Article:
In verses 4-19, Daniel prays to the Lord and offers pleas for mercy. As such, we learn several things from Daniel’s pattern of prayer. In verse 4, he humbly confesses that the covenant God of Israel is to be feared and to be trusted. Then, in verses 5-6, Daniel immediately begins to confess his sins and the sins of his people. In verses 7-8, he acknowledges God's righteous justice in punishing Israel. It's not only that he says “Lord, we're here because of our sins.” He goes on to say, “Lord, You were righteous to send us here and to punish us.” In verses 9-15, Daniel makes an appeal to God's mercy, not based on their deeds, but based on God's compassion. In verses 16-17, he requests that the Lord would restore the kingdom to Israel and that He would build up the spiritual condition of Israel. In verses 18-19, Daniel shows that true prayer is based on what God has promised that He will do. Notice also how God-centered Daniel’s prayer is, and how this prayer appeals to God's covenant mercy over and over. He touches the deep places of the heart of God and moves Him in His compassion for His people. This prayer doesn’t escape the responsibility of sin and the result of misery. Instead, it expresses the plight of God's people to the Lord and asks Him to forgive them. 

III. True Prayer Is Always Heard By God. 

In verses 20-22, we are told that God sent Gabriel as Daniel prayed. What is God telling us there in sending the angel to Daniel? God is telling us that He always hears our prayers immediately, even if His answer delays. His heart is immediately with His people. And in this case, He sent an angel to interrupt Daniel in the middle of his prayer to assure him that his prayer had been heard in heaven. We are also told that Gabriel came to aid Daniel in understanding the vision. Why? Because these verses are some of the most difficult to understand in all of the Bible. So Gabriel had to be sent for even Daniel to understand God’s message.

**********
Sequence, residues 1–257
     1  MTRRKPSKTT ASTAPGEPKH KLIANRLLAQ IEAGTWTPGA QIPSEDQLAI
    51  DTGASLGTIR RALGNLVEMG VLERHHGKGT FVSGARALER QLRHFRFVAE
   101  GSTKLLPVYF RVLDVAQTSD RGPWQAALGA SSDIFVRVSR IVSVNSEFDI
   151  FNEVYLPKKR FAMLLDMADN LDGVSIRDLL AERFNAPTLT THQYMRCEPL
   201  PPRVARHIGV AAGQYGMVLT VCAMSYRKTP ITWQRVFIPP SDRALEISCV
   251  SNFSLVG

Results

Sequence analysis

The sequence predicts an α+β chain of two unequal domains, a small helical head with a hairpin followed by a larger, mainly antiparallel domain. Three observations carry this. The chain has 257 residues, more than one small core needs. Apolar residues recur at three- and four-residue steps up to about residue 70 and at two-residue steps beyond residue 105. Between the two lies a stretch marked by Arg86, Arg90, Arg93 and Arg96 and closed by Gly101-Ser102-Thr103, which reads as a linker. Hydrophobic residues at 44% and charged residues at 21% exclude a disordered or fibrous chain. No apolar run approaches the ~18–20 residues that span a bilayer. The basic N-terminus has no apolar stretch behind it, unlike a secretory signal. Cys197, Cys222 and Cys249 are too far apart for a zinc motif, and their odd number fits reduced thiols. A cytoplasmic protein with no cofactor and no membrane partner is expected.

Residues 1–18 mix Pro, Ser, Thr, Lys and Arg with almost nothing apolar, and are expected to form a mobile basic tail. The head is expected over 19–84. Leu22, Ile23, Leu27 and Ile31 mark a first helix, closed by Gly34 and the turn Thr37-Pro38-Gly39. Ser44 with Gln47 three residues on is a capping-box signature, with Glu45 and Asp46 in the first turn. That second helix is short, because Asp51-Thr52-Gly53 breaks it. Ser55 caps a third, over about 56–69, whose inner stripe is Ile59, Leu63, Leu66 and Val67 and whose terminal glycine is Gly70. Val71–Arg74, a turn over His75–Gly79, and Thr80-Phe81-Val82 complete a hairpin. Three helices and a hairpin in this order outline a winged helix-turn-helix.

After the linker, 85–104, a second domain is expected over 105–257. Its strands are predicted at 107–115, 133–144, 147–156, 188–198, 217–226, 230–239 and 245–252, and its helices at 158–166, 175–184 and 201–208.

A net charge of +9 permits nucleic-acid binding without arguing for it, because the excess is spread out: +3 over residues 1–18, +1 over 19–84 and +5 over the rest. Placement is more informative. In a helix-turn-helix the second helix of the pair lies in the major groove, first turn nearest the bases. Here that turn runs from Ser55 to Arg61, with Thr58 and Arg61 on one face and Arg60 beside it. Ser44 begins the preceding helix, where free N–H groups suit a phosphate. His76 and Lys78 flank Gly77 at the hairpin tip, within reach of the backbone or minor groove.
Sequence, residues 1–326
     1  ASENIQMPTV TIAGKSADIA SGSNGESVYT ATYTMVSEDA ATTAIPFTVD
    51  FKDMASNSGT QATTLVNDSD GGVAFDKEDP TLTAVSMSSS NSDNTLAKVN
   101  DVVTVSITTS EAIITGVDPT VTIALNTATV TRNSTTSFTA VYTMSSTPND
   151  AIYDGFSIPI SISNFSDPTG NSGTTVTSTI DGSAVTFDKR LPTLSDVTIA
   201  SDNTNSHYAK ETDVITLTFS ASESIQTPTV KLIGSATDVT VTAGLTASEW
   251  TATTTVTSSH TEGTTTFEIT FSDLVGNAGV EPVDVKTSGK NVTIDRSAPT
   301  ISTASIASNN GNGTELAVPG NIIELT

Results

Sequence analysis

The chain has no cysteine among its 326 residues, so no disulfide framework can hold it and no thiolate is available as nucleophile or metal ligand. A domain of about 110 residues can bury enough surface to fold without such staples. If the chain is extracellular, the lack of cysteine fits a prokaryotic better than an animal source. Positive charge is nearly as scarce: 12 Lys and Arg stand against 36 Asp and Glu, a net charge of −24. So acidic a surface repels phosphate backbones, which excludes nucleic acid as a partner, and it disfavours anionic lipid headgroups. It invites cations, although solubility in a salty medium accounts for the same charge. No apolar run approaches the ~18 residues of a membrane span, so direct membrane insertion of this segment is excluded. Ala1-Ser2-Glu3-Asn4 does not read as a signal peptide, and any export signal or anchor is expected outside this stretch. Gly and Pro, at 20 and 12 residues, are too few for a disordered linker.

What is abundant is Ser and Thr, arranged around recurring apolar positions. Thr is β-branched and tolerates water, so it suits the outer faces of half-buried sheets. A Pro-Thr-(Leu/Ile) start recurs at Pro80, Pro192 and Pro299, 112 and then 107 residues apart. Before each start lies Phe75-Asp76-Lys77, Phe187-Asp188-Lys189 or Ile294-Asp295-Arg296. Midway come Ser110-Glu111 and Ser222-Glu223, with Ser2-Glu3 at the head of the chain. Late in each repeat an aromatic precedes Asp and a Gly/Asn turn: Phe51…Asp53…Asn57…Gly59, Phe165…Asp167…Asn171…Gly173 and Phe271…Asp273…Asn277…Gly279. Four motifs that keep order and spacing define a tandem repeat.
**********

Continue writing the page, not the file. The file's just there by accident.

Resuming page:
It is also important to note that we observe something interesting in verse 21. Specifically, we are told Gabriel came to Daniel about the time of the evening offering. Daniel doesn't draw attention to that, yet that is one of the most moving phrases in this passage, because this reminds us that though it had been decades since Daniel had been in Jerusalem at the time of the evening offering, his heart was still being set by the worship of God, morning and evening, in the sacrifices at the temple. His heart was with the worship of God and he longed more than anything else to see it re-established.

Finally, I want you to see that in answer to Daniel's prayer, God gives him a vision about the coming of the Messiah. Daniel had earnestly prayed that God would end the exile, but God responded with an even bigger picture. God was saying, “Daniel, in part, your prayers are being used as instruments for the coming of the Messiah, the Prince.” This reminds us that God answers our prayers beyond our fondest hopes because His mercy is full. Won't you trust God in your prayer? Won't you be conformed to God’s heart by the word and reflect it as you plead His promises back to Him? May God give us a heart for His glory and for His people like we see in His servant Daniel.

The Rev. Dr. J. Ligon Duncan III is Chancellor and CEO of Reformed Theological Seminary. He can be reached at 601-923-1600 or by email.